Recently I noticed an ad in a journal to the effect that with the short skirts now in vogue, the hose must match the complexion of the jewelry. And after reading that I stepped into J.C. Penney to see the effect it had had. And there, my friends, I saw old women, young women, grandmothers and stepmothers if you please, clambering to be waited on. One dear old lady was in tears, because they had told her the freckled hose had not arrived. A grandmother rushed in to match some purple beads. Had their skirts been long andmodest, like mine, they could have worn any kind of hose, and avoided that grief and worry.


A few days ago, I saw a North Ward Relief Society Teacher in tears. I asked her the cause and she replied, "Lost,yesterday, somewhere between Bart's and Slim's Barber Shops, two golden braids, each set with sixty golden hairs, now reward is offered for they are gone forever." She like so many poor bobbed hairdo women here today, was forced to wear her hat or stay at home. Oh, could they only have had a 10-day free trial, could they only have seen the effects of before and after.


The bible tells us, that in bible days, men wore long hair and flowing beards. What have they done? They have cut it off. They have shaved them off, until what do we have now? In Mt. Pleasant alone there are so many bald or almost bald headed men.


Oh, what is the world coming to when women, who's doting mothers gave them saint-like names will brazenly parade the streets with bobbed hair and short skirts and unblushingly show their shapely or unshapely calves, I mean limbs?


In last week's Pyramid there was the followning verse; Henry Snmith is dead, we loved him so, just what caused it, we did not know, until they cut him open, and there they found, short marcelled hairs, floating round and round. Reason tells us, had they been long hairs, they never would have gotten there, for Henry would have seen them, and taken them out of his gravy, pudding, or pie and saved his life before he died.


A short time ago, as I was walking through the cemetery, I saw a mound all heaped up with Job's Tears, Love in the mists, Bleeding hearts, and For-get-me-knots. And I thought there has been a great loss. I stepped nearer and read the inscription. "Here lies Randy Lee, the wife of Gus. She bobbed her hair and it ended thus." now think of it. She might have lived forever had she listened to the dictates or that still small voice and the advice of her husband. On a little father in the same cemetery, I heard a man weeping. I went near him to console him, he turned to me with a knowing light in his eye and said, and "Here lies the body of my bobbed-haired wife. Tears cannot bring her back to life. Therefore, I weep."


I was told that a husband, who had not kissed his wife for more than twenty years, did so, after she was bobbed. The examiners for mental trouble, pronounced him incurable.


One could go on and on and tell of the sins and sorrows that bobbed hair and the short skirs have caused on the earth. Hee the warning, we are all preparing to be angels bye and bye. Have you ever seen an angel or the picture of an agel with bobbed hair and short skirts? No, they all have flowing robes. Let me plead with you as you are as you shall be. As you sow, so shall you reap. With all the proofs we have offered, with all the sadness that has been caused and all the calamities now existing, how can you unblushingly accept the bobbed hair and the economical short skirt?



Monday, August 17, 2009

1958 First Ward Sunday School Class - Tom Brotherson, Teacher

Click to enlarge

Pheasant Hunt - Repeat (but with more names and not cut off)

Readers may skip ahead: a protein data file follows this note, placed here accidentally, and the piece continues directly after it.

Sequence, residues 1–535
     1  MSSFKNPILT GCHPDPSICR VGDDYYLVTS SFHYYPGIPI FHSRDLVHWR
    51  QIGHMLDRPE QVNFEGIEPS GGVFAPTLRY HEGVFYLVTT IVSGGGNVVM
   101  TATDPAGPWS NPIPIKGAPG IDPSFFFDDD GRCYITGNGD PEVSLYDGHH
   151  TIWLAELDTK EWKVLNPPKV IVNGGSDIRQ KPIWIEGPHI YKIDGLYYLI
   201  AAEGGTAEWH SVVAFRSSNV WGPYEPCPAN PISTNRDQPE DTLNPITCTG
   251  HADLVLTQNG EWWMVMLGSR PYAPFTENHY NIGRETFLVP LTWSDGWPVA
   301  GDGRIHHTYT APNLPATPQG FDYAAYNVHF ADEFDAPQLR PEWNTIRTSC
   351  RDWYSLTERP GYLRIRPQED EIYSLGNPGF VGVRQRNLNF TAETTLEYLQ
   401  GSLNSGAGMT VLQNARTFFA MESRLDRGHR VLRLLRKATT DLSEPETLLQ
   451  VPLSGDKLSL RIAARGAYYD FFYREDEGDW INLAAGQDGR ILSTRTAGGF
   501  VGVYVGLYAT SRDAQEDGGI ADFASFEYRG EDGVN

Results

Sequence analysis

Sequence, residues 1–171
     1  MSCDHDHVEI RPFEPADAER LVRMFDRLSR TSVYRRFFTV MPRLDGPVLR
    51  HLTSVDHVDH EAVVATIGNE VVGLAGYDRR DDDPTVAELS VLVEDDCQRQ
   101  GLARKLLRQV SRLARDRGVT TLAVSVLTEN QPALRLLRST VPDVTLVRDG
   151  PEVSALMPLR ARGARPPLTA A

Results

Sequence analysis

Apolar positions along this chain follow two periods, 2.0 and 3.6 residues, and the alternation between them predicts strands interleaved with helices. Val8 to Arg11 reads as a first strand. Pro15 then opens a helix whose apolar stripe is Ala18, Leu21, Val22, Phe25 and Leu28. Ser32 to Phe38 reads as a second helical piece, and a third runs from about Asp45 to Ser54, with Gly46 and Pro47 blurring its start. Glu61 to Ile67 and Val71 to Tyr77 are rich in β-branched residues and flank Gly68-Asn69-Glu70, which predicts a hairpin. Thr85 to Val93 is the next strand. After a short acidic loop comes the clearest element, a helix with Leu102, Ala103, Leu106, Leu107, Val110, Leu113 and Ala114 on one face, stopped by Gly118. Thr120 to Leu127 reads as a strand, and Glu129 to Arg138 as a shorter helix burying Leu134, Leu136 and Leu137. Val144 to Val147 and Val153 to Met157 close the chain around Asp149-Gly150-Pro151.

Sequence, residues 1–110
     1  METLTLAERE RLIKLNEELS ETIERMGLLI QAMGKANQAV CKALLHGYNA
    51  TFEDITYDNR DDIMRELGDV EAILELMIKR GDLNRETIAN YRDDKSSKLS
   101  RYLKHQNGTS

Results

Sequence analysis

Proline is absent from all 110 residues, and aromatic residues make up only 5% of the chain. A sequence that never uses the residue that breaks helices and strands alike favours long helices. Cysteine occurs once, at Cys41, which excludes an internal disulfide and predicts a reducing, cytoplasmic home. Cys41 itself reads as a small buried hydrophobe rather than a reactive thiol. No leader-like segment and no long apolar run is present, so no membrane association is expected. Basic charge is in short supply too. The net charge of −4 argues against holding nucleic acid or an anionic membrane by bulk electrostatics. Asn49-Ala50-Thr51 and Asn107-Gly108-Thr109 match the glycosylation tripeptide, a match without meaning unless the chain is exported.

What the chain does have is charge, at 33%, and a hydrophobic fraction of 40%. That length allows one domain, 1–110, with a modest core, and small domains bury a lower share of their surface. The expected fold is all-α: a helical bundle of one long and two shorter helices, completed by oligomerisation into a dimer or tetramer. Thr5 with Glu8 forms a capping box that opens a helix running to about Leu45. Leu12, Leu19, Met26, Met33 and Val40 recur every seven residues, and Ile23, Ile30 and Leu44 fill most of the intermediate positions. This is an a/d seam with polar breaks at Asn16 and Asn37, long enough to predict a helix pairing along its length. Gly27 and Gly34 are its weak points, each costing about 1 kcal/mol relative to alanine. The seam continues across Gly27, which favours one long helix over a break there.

PRESERVING THE PAST (author unknown)

Who is this little girl?
What happened on this day?
Did she grow up to be a mom?
No one can truly say.

How proud and glad I'm sure she'd be
To see herself this way.
But through neglected and lack of care,
Her joy is lost today.

Stored in a box and put away,
Forgotten there so long ago - -
Along with letters, flowers and cards,
And other faces we don't know.

Such a pretty little picture,
And its condition is quite good - -
But no one ever kept it in
The place they really should.

So when I found her photo there,
It made me sad to see,
For all her youthful days on earth
Were lost to history.

Sunday, August 16, 2009

Historic Letter Found at the Relic Home

A letter written by Mrs. L. Ransam to Hilda,

Mrs. Hilda Madsen, sec. Mt. Pleasant H. S.

Dear Madam, in answer to yours of Mar the 11, I will say the chest I have in my posession is at Thatcher Idaho. It was owned by my parents, Seth and Lovina Dodge. The boards was sawed from one of the first logs at the mill owned by Dove Potter and Matt Hamilton at Mt Pleasant in the year 1853. The size is about 3 feet in length and 18 or 20 inches deep. It is dovetailed together, has a till at one end. It has been in use ever since it was made and is in fairly good condition. The hinges are worn and one broke. My parents lived at the place at that time.(Hambleton). But the Indians drove them off that summer taking all their stock and came back that night and burned their houses and out buildings with their pigs and chickens in them. O.M. Allen was the man that was sent from Manti together with a guard to bring them settlers to Manti, taking them down in th night.

I was born in Manti, May the 20th, 1853. My mother went from Mt. Pleasant saw mill to Manti to my father's brothers, Augusty Dodge for her encouchment and had returned but a short time before the Indians made the raide and took every hoof of stock they owned.

I left the chest with my niece at Thatcher, Ida when I moved to Oregon and if the society wishes it, they can get it. We have several other articles in the family made from the same tree; one a bread board which my mother used all her life, which I prize very highly.

I think my father's brother Zenos Dodge is alive yet, whose horse was shot from under him while trying to save the stock at the time the Indians made the raid. I think he could give you more information than I could about a good many things if he still lives. I will get his address. Hoping you will get what information you desire.

Yours truly,

Mrs. L. Ransom

P.S. any other information I can give you, I will be pleased to do so. MLR

Eighth Annual Program and Ball - 1917 Invitation

Friday, August 14, 2009

Tuesday, August 11, 2009

Identity Found - - - Thank You Anonymous !

Magnus Gustavus Rolph, Harvy Tidwell, Chas Mills, Alan Mills, Henry Mills, James Jesson

Now can you tell us the order; left to right, front and back?

Genealogy Quote

"In all of us there is a hunger, marrow-deep, to know our heritage - to know who we are and where we have come from."

~Alex Haley

L.D.S. Temple

L.D.S. Temple
Manti Temple